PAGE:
Make us your home page

Review: Mozart, Diamond & Brahms concert shows off Florida Orchestra's skill

To hear the Florida Orchestra this weekend is to be reminded what a magnificent animal a symphony orchestra can be. It leaps, it soars, it whispers. It percolates with a thousand moving parts.

Two of the pieces on the Masterworks program, led by eminent guest conductor Gerard Schwarz, revealed the range and depth of the orchestra's virtuosity.

David Diamond's Symphony No. 4, written in 1945-46, is a kaleidoscopic swirl of activity. Diamond writes in a sonorous tonal style, with lots of open-voiced chords, similar to some other mid-century American composers such as Samuel Barber and Aaron Copland. But Diamond is also a master of counterpoint. Every snippet of rhythm and melody provokes a reaction in another part of the orchestra. The music cannot help but move forward, and you are irresistibly drawn into it.

The three-movement work showcases every part of the orchestra. The strings sweep and billow. The winds do their busy job of providing contrast and texture. The trumpets punctuate. And the percussion, never overbearing, adds just the right amount of urgency.

Diamond died in 2005, a month before his 90th birthday. He and conductor Schwarz were good friends; he often visited or traveled with Schwarz's family. On Friday night, their affinity showed.

The other showpiece turned out to be something of a surprise: the thorny modernist Arnold Schoenberg's 1937 orchestration of a Brahms quartet for piano and strings, written in 1861. One composer choosing to flesh out another's small-scale piece is not uncommon — Ravel's orchestration of Mussorgsky's Pictures at an Exhibition, originally written for piano alone, may be the most famous.

In an engaging pre-concert talk with some of the audience, Schwarz recalled that Schoenberg offered three reasons for undertaking the project. First, the quartet was not often played anymore, at least in those days. Second, when it was played, it was often played badly. Finally, when it was played well it was usually because a very good pianist was taking the quartet's hardest part. But the pianist also tended to overshadow the other players, which meant a listener didn't always hear all the notes.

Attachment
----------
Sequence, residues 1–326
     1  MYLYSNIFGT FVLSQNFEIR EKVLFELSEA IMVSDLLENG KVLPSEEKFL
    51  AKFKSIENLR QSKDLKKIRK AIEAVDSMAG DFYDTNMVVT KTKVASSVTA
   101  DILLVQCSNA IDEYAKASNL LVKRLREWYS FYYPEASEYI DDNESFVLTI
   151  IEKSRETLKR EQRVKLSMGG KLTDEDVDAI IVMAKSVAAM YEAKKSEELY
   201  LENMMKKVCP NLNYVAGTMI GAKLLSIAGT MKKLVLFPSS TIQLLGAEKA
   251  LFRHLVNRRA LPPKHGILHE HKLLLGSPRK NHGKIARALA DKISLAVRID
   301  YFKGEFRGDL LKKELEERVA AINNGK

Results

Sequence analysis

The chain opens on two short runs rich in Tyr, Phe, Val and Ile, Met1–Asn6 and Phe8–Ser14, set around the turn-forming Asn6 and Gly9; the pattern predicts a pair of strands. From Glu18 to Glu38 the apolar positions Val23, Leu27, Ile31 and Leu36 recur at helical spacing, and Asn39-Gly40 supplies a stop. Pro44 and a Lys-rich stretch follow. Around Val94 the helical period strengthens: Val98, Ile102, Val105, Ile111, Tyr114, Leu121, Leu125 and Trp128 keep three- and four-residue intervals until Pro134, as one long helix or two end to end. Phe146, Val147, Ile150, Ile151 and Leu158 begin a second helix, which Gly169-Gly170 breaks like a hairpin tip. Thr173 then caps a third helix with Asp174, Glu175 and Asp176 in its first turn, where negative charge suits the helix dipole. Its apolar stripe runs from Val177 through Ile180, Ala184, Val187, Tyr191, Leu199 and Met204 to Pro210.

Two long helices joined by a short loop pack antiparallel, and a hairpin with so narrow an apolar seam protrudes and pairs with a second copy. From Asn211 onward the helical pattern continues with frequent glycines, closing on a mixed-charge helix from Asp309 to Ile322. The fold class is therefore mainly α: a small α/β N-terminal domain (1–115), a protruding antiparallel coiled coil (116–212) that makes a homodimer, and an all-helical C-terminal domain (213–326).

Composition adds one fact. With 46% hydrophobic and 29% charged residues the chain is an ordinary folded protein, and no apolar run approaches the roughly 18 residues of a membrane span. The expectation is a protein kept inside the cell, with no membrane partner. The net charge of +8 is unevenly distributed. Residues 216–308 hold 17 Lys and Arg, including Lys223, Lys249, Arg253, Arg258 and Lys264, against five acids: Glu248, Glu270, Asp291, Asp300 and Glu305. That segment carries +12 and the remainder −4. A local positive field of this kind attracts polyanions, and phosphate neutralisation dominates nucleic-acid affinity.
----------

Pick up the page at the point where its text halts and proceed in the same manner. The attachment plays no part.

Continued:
"I want to be sure you hear all the notes," Schoenberg reportedly said.

And indeed you do. From the very start you realize this is Brahms, not Schoenberg: There are those long melodic lines that seem always to have a couple more wrinkles than you expect; those unfolding harmonies; that anchor of a sturdy bass line. The real fun comes in listening to Schoenberg spread the music to all 78 musicians on stage. You hear arpeggios you just know were written for piano, passed around between the strings and the woodwinds, especially the flutes at the top end. You hear xylophones and gongs. Horns, trumpets, trombones and tuba give the third movement a martial air. After the fourth movement — a rollicking rondo that reminds you of the composer's Hungarian Dances — you feel as if you've just discovered that Brahms wrote a fifth symphony to go with his other four. Amazing.

It seemed right that the program should also include some Mozart, given Schwarz's long association with the Mostly Mozart Festival in New York. The symphony he chose was an early one, No. 28, written when Mozart was 18. Friday's performance, using just 35 players, was chipper enough, but to my ear it was weighed down by an unfocused darkness of tone in the violins that belied the sunniness of the piece.